On Sunday, music lovers will once again converge at Civo ground at Singano village, Traditional Authority (TA) Kuntaja in Blantyre to celebrate the life of fallen reggae artist Evison Matafale.
Since his death on November 27 in 2002, artists, led by Black Missionaries, stage a free show in November every year in his honour.
In the early years of the memorial show, the event was associated with all sorts of bad behaviour contrary to its objectives.
The show also honours the memory of Matafale’s two cousins Musamude and Gift Fumulani.
Leader of the group Matafale founded Black Missionaries Band, Anjiru Fumulani, said in an interview that as organisers of the event, they will keep investing their energy to completely change the perception which is associated with the event.
“The issues of security are paramount in the set-up of the event. The success or failure of the show hinges on how tight the security is. We have hired 210 police officers who will be patrolling the ground for the duration of the show,” he said.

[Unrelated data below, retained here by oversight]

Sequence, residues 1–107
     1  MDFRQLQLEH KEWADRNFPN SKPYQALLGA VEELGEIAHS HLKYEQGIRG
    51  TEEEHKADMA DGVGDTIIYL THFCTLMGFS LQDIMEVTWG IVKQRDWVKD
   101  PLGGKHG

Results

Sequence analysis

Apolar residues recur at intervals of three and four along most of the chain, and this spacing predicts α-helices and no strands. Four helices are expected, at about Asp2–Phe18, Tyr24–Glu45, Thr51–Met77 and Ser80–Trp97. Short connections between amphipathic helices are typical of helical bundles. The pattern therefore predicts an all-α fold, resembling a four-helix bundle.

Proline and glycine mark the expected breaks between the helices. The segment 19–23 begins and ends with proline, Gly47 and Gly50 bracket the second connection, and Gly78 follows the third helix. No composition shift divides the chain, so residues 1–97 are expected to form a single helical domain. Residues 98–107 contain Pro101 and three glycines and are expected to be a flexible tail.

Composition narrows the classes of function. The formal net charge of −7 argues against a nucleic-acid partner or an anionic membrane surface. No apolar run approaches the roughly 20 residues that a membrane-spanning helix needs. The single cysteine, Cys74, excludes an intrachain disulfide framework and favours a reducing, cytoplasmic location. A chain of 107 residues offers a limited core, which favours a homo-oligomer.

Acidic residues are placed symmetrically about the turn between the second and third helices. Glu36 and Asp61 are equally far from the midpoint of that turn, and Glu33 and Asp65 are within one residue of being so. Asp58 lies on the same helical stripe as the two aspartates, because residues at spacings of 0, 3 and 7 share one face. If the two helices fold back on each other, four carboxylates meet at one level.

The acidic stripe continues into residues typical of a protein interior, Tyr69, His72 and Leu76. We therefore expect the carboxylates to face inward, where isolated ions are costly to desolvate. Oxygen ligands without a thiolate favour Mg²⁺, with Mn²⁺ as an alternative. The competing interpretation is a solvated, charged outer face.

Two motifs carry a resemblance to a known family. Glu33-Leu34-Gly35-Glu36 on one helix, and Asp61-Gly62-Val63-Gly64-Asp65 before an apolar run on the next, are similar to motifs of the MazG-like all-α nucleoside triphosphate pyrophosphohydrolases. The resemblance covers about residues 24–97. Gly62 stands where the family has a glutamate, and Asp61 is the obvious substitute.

Fumulani said having been responsible for the memorial event for some time now, next year they want to introduce a number of changes, including opening a music and resource centre to be named after Matafale. The centre will be used by youths from Chileka and surrounding areas.
He said: “We have been planning to do this for a while now but resources have slowed us down. We have so far engaged consultants who have been helping with some research on our plan. We want to engage people with real expertise in the field because it is a long-term project.”
Matafale died after producing two highly-acclaimed albums, Kuimba 1 and 2. His powerful voice and insightful lyrical content managed to set him apart from any local reggae artist.
Former radio personality Patrick Kamwatira, who followed the artist’s rise during his stint with Power 101 FM, said Matafale was a unique person who was talented beyond his time.
“His voice, writing and compositions were extraordinary. He was an extra-ordinary person who was born in a wrong place at a wrong time. Malawi was too small for Matafale, especially at that time,” he said.